This site has links to several interesting texts on this subject. It even has a link to a PDF version of the aforementioned book. And also to this page which lists them and even criticizes them.

From now on, whenever I’m designing software in OO I’ll always try to be aware of the available patterns and try to apply them whenever appropriate.

Thank you Miguel Jorge!

Greetings from Abapinho.

Internal table secondary indexes

This is how internal tables used to be declared:

DATA: itbl TYPE TABLE OF bkpf.

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How to sabotage standard texts

Some times I don’t like the names SAP gave to things. So I change them.

For example, one day I was very angry and thought all customers were parasites.

So I did the following:

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In ABAP’s name, I baptize you

When we learn ABAP, we are taught a series of rules on how to name variables. Not everyone uses the same rules but, still, some strict rules are shared between many people:

  • Local variables must start with L: L_BUKRS;
  • Global variables must start with G: G_MODE;
  • Internal tables must have T_: LT_MARA;
  • Structures must have S_: LS_MARA;
  • Object references must have R_: R_CUSTOMER;
  • input parameters must start with I, output with O, changing with C and returning with R.
  • And the most stupid of all, field-symbols must start with FS_: <FS_MARA>.

In the early XXI century those rules made some sense (except for the field-symbols on, which was, and still is, as stupid as writing ‘pencil’ in all our pencils). Today they don’t make much sense anymore. Let me explain.

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These are different ways of deleting all data from an internal table. They look the same. But they aren’t.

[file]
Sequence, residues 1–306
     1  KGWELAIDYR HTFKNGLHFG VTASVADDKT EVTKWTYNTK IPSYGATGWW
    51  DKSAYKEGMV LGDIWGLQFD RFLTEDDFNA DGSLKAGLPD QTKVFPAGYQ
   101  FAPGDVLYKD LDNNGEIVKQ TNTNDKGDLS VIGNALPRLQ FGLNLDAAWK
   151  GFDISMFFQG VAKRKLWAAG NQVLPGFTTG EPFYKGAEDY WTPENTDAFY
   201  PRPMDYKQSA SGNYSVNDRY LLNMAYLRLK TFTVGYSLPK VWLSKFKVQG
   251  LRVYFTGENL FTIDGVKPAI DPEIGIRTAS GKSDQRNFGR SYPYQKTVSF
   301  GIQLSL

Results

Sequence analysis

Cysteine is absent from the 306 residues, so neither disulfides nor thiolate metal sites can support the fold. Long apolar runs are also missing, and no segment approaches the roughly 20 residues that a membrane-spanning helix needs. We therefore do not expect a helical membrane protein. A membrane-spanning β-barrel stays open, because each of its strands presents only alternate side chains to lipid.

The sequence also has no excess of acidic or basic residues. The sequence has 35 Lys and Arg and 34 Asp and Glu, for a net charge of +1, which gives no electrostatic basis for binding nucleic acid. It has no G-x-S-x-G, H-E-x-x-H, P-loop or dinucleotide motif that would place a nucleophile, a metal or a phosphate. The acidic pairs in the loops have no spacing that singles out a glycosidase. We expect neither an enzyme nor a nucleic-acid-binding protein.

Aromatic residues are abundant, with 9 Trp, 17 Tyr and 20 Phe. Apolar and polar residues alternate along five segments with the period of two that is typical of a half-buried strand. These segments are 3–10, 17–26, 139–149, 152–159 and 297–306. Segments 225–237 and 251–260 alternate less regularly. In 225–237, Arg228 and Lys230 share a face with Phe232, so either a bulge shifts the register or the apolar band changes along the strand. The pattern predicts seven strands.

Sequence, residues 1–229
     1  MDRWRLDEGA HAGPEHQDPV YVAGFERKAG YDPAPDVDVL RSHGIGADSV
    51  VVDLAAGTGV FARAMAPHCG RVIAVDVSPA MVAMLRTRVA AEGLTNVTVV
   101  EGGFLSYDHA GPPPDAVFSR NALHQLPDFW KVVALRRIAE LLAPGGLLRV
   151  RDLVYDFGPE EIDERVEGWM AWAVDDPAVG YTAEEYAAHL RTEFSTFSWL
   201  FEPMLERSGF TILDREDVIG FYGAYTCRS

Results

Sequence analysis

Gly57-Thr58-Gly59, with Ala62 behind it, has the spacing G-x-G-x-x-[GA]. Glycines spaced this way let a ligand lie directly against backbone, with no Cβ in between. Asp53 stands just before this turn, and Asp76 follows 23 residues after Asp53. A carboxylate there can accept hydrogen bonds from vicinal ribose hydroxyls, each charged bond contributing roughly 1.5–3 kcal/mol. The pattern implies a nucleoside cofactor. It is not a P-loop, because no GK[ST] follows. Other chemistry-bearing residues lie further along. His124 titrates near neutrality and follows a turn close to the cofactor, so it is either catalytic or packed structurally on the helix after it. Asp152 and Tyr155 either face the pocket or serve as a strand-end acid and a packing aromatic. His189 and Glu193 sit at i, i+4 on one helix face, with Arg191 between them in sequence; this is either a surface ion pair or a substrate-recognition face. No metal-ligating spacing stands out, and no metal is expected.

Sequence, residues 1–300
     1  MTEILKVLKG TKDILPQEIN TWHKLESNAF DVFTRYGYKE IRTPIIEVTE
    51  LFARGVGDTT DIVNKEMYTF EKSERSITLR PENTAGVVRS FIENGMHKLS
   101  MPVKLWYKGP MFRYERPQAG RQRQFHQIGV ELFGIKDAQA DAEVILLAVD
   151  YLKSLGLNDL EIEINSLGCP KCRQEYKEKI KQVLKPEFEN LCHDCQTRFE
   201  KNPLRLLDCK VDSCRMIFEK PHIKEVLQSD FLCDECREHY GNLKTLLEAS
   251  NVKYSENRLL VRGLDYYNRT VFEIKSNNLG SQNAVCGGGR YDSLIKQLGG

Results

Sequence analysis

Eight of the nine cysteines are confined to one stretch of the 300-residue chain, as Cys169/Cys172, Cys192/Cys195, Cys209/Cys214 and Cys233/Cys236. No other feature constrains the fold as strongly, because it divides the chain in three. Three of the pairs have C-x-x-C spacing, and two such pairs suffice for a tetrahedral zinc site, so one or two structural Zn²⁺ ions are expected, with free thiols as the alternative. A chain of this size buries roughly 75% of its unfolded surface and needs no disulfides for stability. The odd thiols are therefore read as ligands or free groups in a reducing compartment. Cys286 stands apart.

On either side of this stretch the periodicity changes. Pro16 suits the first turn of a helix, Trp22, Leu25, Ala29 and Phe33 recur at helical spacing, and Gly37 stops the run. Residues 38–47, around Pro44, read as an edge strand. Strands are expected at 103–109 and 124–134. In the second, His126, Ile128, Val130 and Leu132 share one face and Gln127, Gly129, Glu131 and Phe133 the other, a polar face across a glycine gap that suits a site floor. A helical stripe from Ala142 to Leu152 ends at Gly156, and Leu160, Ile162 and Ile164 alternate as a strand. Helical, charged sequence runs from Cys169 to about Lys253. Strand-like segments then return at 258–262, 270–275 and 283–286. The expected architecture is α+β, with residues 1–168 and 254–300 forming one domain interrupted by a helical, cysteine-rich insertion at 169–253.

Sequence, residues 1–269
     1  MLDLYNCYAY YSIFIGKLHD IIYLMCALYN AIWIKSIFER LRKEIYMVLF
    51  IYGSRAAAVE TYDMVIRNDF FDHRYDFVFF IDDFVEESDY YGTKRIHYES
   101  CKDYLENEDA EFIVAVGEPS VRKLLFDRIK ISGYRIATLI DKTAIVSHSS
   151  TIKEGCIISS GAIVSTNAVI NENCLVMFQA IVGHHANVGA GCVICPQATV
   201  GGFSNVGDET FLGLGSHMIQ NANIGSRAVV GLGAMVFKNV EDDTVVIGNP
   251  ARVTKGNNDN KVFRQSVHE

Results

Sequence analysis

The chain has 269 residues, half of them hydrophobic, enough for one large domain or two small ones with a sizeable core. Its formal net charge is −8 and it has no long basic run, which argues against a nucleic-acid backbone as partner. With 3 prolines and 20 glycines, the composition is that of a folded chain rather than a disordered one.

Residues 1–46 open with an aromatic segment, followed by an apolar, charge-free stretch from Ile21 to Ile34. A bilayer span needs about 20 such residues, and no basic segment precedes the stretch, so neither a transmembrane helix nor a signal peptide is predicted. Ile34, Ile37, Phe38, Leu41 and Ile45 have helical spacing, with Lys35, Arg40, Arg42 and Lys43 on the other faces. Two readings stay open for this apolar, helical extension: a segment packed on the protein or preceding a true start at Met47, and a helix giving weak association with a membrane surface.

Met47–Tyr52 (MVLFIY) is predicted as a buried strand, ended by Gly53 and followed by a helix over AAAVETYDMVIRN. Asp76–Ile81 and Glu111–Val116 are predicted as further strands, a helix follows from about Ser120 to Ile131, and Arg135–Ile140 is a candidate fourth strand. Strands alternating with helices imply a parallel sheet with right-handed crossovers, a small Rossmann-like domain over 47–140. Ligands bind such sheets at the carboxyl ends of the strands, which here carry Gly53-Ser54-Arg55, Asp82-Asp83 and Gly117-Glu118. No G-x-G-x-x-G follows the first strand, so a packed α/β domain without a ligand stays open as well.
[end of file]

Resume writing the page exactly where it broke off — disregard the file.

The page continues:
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Converting an exception into an exception

If you’re still not using exception classes, then you’re making a mistake. Cause they are very healthy for your code. They’re not only good nutrients for the system, they also make it lean and less vulnerable to diseases.

There are cases where you still need to deal with the old exceptions. For example, when a function module is invoked.

In this article I am presenting a suggestion that seems a little complex, but it works very well if you need to integrate the old exceptions with exception class in a simple way. And though it is sophisticated, you only need to do it once. Once it’s done, it’s easy to use.

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Teach ABAP to juggle

What can be done when a night is not enough to complete the daily processes?

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Text search in a WebDynpro

SAP doesn’t know how to do things right the first time. The WebDynpros are a good example of this. It doesn’t even let you do a text search. It’s sad.

Fortunately Sérgio Fraga has found a way, though it’s rather laboured:

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Chained exceptions

Today I will teach you how to chain exceptions. It’s a very practical solution to a complicated, not so obvious problem.

Let’s start by describing the problem.

Imagine you are in the application BANANA.
The application is quite complex.
It has three modules: BANANA1, BANANA2 and BANANA3.
Each one has its exception class ZCX_BANANA1, ZCX_BANANA2 and ZCX_BANANA3.